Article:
An improved approach to reducing or eliminating packet losses incurred during a multicast or a broadcast to a group of receivers without substantially increasing throughput requirements would therefore be beneficial.

BRIEF DESCRIPTION OF THE DRAWINGS

Features of the present invention will become apparent to those skilled in the art from the following description with reference to the figures, in which:

FIG. 1A depicts a simplified block diagram of a system for distributing packets to a plurality of nodes, according to an embodiment of the invention;

FIG. 1B depicts a simplified block diagram of the system depicted in FIG. 1A, in which the nodes are depicted in greater detail, according to an embodiment of the invention;

FIG. 2A shows a flow diagram of a method of distributing packets from a multimedia source to a plurality of nodes, according to an embodiment of the invention;

FIG. 2B shows a flow diagram of a method of varying the start of transmission times for distributing packets among nodes within a peer group, according to an embodiment of the invention;

FIG. 2C shows a flow diagram of a method of communicating network coded versions of the data packets among the nodes within a peer group, according to an embodiment of the invention; and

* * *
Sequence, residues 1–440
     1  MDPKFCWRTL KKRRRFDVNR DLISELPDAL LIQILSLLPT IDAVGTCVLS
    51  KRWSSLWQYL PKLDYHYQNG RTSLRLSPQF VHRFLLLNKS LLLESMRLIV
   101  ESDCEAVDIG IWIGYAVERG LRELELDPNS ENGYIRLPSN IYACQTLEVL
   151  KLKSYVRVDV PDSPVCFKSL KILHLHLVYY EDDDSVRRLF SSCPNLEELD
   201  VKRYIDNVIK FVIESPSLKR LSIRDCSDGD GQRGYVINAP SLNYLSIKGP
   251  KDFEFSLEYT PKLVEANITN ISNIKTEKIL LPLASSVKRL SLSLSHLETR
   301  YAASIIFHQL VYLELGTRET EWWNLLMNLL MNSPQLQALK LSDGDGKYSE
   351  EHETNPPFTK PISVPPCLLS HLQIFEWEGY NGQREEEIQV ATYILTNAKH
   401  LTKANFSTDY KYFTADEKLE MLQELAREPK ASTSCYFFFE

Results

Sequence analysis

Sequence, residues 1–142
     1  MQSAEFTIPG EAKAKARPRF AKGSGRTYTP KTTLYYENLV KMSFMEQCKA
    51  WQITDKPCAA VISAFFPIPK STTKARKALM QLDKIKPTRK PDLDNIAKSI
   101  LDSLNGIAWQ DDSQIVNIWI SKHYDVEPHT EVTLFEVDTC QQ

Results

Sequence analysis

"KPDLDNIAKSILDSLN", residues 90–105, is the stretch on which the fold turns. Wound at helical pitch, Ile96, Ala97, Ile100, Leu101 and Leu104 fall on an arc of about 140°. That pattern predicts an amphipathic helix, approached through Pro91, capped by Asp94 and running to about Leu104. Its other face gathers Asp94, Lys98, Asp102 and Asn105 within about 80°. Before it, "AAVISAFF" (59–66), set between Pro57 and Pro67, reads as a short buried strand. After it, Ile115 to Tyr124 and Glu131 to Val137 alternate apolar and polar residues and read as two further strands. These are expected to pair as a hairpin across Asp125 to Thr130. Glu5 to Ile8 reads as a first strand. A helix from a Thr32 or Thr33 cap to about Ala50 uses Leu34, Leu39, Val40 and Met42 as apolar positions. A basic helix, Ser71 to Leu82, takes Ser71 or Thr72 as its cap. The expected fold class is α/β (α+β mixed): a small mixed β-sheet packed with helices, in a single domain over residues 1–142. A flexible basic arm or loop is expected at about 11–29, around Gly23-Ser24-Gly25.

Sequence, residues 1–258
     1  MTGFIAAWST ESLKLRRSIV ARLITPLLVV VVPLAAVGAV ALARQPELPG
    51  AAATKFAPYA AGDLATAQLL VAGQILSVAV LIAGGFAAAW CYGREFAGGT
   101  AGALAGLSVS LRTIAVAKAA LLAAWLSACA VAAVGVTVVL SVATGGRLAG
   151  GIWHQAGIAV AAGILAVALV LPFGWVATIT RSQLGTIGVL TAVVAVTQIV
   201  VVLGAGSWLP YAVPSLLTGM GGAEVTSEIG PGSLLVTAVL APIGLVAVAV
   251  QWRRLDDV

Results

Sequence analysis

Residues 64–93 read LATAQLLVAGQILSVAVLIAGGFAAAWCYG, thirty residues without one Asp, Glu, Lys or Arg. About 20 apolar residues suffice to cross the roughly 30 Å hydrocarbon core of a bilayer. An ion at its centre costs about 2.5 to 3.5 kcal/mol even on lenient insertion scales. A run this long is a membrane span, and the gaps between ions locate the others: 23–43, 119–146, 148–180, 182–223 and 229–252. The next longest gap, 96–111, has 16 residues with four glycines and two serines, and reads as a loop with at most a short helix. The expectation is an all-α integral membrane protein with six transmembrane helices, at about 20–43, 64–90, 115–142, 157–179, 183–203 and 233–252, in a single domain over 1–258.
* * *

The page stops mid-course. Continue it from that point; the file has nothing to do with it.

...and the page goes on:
FIG. 3 shows a block diagram of a computing apparatus configured to implement or execute the methods depicted in FIGS. 2A-2C, according to an embodiment of the invention.

DETAILED DESCRIPTION

For simplicity and illustrative purposes, the present invention is described by referring mainly to an exemplary embodiment thereof. In the following description, numerous specific details are set forth in order to provide a thorough understanding of the present invention. It will be apparent however, to one of ordinary skill in the art, that the present invention may be practiced without limitation to these specific details. In other instances, well known methods and structures have not been described in detail so as not to unnecessarily obscure the present invention.

Disclosed herein are methods and systems for distributing packets from a multimedia source to a plurality of nodes. More particularly, the methods and systems disclosed herein enable cooperative peer-to-peer repair among the nodes such that each of the nodes has a higher likelihood of receiving all of the packets broadcasted from the multimedia source during a fixed MBMS transmission period. In addition, the likelihood of receiving all of the packets is increased without relying upon the multimedia source to retransmit the packets because missing packets may be obtained from peer nodes. As such, when the nodes are missing packets, the multimedia source is not required to handle overwhelming retransmission requests from the nodes. Instead, the nodes may seek assistance from neighboring nodes to recover the missing packets.

Through implementation of the methods and systems disclosed herein, the effective multicast media distribution quality from a single source to a group of multi-homed devices may greatly be increased. The increase may be realized without any change to an existing cellular network infrastructure over which the media is delivered to the multi-homed devices.